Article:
Charge d’Affaires at the Venezuela Embassy, Alvaro Sanchez Cordero, speaking to the media during a press conference recently. (Picture by Lennox Devonish.)
- World Bank's Kim sees ‘clear’ economic slowdown if trade war escalates Read More
- AA extends daily flight service to Barbados Read More
- Odds against Windies in One-Dayers Read More
- BFA’s Premier season starts Read More
- Wanted: A more efficient airport Read More
- Low-hanging fruit for all Read More
- City Nights take on Broadway feel Read More
An alleged attempt on the life of Venezuelan president Nicholas Maduro has spurred that country’s Chargé d’Affaires here, Álvaro Sanchez Cordero, to praise Barbados for its temporary ban on the importation of drones.
Cordero said the misuse of drones could pose a threat to national security after the assassination attempt on the life of Maduro in Caracas, in which explosive-laden drones were used.
Local journalists attending a Press conference at the Venezuelan Embassy on Monday were shown footage that revealed two unmanned aircraft systems exploding as Madura addressed an event commemorating the 81st anniversary of Venezuela’s National Guard in Caracas.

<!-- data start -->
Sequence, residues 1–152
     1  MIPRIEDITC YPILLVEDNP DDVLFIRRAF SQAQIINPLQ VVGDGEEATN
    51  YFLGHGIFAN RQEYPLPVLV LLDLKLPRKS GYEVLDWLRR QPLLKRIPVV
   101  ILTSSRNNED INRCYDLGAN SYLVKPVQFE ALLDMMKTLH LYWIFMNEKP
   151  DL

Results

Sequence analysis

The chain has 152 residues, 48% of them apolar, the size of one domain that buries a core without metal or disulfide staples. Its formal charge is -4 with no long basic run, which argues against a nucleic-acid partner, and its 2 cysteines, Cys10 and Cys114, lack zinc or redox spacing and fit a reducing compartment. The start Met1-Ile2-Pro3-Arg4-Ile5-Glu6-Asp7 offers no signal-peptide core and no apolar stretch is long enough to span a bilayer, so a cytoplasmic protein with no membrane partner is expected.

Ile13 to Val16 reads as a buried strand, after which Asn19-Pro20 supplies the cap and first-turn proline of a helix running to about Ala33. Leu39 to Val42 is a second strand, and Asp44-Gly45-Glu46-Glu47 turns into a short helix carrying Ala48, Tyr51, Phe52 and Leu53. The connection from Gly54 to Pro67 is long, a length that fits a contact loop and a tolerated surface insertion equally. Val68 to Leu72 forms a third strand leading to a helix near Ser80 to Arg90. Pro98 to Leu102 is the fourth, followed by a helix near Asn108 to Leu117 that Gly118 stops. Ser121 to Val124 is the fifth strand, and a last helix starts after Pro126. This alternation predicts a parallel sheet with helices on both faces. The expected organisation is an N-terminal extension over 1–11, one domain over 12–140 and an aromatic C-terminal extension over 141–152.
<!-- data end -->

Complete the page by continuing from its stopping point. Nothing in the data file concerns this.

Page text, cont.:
Cordero said the explosion had occurred despite their use was prohibited in Venezuela.
“I think many governments should be taking this [action] as a precaution in order to avoid such dangers from taking place in their own events, activities, government functions and so on. Here in Barbados the law prohibits such devices, and I think that is how it should be. I think after what happened, many countries should be taking precaution in order to avoid such dangers in their own venues,” said Cordero.
He cited Saturday’s event as an example of “terrorist actions” against the Venezuelan government and its people, who he complained had been victims of terrorism throughout the last 20 years of the Bolivarian Revolution.
Cordero accused the United States government of destabilising actions and claimed it continued to fund the Venezuelan Opposition with millions of dollars.
He also took issue with how the foreign media reported on the situation in Venezuela and appealed for fairness and truth and asserted that it had not accorded Venezuela the “respect” and “sympathetic” response it deserved. (GC)